Child Labour In Nigeria

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Child labour in Nigeria

According to (Anugwom, E, 2001).child labour is now a feature of urban dwelling in Nigeria where the sight if youngsters and children engaged in various forms of labour is quite common and normal. An observation has revealed that child labour has increased in Nigeria since the late 1980.To this end; the increase may be related to changing socio-economic structure of the country. Child labour is a situation where young children are employed to work on firms, homes, hotels, and firms. The practice is common in developing countries but is limited in developed nations where it is considered to be illegal and a violation of human rights.Gobalization has come to be the development force of the new era. The history of child
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Majority of these children do not attend school, and are given little time to play. Moreover, they do not get proper parental care or nutritionGrootaert, C., &Kanbur, R. (1995). More than 50% of these children work in drug trafficking, slavery, prostitution, as well as in armed conflict Child labor is unacceptable and a violation of children rights. Some developed countries boycott products or goods made by these children. Children should be allowed to enjoy their childhood and should not be allowed to work like adults. The practice is evil and should be banned by governments. A child should not be denied the right for education just because of poverty (Nieuwenhuys, O. (1996).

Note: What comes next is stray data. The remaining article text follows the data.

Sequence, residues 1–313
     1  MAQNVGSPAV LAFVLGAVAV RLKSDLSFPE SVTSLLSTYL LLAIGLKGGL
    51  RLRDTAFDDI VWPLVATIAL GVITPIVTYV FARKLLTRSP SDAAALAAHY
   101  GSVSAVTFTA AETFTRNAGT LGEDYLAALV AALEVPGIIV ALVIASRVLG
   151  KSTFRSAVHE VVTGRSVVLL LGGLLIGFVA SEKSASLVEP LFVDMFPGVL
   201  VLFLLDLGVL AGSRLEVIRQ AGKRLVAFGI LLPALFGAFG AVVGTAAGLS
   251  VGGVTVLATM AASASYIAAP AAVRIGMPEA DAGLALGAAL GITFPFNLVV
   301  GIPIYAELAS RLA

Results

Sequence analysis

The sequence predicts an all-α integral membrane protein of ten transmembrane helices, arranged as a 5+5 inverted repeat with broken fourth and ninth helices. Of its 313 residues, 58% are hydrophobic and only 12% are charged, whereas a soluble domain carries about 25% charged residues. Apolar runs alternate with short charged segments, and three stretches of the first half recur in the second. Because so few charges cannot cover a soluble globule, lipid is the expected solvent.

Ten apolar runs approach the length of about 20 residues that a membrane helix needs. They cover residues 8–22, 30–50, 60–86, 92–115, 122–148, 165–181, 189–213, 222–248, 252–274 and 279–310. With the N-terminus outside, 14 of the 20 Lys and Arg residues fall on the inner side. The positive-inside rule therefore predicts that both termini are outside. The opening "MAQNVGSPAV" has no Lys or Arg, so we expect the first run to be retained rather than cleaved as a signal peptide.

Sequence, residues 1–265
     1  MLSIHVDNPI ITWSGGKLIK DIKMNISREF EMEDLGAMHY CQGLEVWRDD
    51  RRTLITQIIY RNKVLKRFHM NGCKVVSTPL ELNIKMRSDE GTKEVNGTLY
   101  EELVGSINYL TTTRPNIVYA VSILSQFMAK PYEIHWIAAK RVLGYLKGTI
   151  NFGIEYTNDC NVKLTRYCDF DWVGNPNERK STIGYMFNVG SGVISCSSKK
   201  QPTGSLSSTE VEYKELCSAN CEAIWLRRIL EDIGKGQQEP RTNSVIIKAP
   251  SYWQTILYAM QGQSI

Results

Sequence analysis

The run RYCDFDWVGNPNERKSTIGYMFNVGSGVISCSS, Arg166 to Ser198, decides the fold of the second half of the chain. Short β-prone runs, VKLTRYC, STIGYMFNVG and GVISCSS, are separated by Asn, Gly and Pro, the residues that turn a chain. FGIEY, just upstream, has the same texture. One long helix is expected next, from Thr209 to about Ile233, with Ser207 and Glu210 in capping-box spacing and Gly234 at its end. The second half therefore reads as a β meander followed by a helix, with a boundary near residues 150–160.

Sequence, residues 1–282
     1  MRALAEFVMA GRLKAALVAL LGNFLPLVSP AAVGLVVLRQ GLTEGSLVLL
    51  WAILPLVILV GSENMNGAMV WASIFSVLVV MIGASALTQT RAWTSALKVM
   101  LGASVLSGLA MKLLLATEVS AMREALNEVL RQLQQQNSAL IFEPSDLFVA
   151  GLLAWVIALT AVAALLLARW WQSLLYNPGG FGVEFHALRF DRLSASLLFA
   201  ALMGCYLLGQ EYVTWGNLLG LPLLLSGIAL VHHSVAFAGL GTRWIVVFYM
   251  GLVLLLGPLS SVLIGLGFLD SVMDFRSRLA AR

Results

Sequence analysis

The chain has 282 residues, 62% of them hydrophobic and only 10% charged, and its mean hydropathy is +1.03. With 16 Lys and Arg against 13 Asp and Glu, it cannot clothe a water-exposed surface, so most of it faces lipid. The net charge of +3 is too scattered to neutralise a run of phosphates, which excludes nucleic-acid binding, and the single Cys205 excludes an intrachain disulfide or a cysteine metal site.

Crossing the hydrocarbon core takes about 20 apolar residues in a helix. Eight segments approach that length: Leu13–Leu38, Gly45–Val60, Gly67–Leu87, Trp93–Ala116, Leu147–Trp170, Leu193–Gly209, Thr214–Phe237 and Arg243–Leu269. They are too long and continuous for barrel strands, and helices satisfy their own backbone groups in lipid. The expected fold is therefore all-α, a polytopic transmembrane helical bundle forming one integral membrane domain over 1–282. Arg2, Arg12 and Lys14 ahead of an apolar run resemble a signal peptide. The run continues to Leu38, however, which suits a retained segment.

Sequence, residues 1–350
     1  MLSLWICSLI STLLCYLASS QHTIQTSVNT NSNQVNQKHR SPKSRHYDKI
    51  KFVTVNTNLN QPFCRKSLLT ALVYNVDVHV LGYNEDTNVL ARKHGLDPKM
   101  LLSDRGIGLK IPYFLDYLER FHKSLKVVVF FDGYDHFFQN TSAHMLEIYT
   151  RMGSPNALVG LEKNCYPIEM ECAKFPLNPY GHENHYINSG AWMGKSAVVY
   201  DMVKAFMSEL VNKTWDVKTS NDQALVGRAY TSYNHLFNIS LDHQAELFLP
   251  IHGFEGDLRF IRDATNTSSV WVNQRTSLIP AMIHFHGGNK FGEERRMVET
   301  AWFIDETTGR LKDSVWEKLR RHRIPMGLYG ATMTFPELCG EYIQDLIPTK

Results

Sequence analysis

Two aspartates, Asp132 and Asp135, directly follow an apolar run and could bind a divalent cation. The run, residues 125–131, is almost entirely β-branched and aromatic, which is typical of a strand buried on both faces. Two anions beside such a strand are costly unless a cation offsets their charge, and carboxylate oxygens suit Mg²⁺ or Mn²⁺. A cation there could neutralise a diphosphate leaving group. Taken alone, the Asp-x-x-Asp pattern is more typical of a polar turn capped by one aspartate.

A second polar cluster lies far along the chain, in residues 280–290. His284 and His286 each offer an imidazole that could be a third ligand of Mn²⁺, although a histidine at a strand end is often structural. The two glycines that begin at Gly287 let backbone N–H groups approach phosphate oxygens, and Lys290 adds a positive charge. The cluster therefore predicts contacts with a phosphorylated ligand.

Children in Nigeria work for a variety of reasons. The most important is poverty. Children work to ensure the survival of their family and themselves even if not well paid. .Children is often prompted to work by their parents. The proportion of parent decision in Nigeria on child labour is similar to that of Pakistan which according toBuchmann, C. (2000) represent 62, while only 8 per cent children make their own decisions to work at time. A possible reason that makes parents in Nigeria to make their children to work is because
They believe that they can be profitable. Children in Nigeria contribute more time to their household than they deplete as compared to their counterparts in developed countries Wilson-Oyelaran,
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There are several possible explanations. For example, educated parents have a greater appreciation for the value of an education, whereas uneducated parents may simply want to believe that the human-capital decisions made by their own parents were correct. Parents who have the financial ability to forgo the income from their
Children in most parts of Nigeria still do not choose schooling for their children.

Mendelievich, E. (1980). Children at Work. International Labour Office, Washington Branch, 1750 New York Avenue, NW, Washington, DC 20006.
Grootaert, C., &Kanbur, R. (1995). Child labour: A review. World Bank Policy Research Working Paper, (1454).
Nieuwenhuys, O. (1996). The paradox of child labour and anthropology. Annual Review of Anthropology, 237-251.
Buchmann, C. (2000). Family structure, parental perceptions, and child labour in Kenya: What factors determine who is enrolled in school?. Social forces, 78(4), 1349-1378.
Wilson-Oyelaran, E. B. (1989). The ecological model and the study of child abuse in Nigeria. Child abuse & neglect, 13(3), 379-387.
Anugwom, E.E, (2001).globalisation and labour utilization in developing countries; the case of Nigeria.'(April,

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